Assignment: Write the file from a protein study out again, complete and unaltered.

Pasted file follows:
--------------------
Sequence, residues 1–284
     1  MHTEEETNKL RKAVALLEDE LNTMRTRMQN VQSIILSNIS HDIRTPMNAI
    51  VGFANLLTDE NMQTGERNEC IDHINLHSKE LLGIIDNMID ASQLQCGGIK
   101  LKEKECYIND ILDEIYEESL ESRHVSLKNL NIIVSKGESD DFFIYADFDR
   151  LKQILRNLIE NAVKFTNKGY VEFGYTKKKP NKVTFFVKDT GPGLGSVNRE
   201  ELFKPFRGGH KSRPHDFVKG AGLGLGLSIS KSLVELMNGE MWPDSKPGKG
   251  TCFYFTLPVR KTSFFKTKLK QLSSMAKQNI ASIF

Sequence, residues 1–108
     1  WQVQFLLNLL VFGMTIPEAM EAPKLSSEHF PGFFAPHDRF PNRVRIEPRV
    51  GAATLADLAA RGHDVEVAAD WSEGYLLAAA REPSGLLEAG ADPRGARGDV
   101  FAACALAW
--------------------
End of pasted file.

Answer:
Sequence, residues 1–284
     1  MHTEEETNKL RKAVALLEDE LNTMRTRMQN VQSIILSNIS HDIRTPMNAI
    51  VGFANLLTDE NMQTGERNEC IDHINLHSKE LLGIIDNMID ASQLQCGGIK
   101  LKEKECYIND ILDEIYEESL ESRHVSLKNL NIIVSKGESD DFFIYADFDR
   151  LKQILRNLIE NAVKFTNKGY VEFGYTKKKP NKVTFFVKDT GPGLGSVNRE
   201  ELFKPFRGGH KSRPHDFVKG AGLGLGLSIS KSLVELMNGE MWPDSKPGKG
   251  TCFYFTLPVR KTSFFKTKLK QLSSMAKQNI ASIF

Sequence, residues 1–108
     1  WQVQFLLNLL VFGMTIPEAM EAPKLSSEHF PGFFAPHDRF PNRVRIEPRV
    51  GAATLADLAA RGHDVEVAAD WSEGYLLAAA REPSGLLEAG ADPRGARGDV
   101  FAACALAW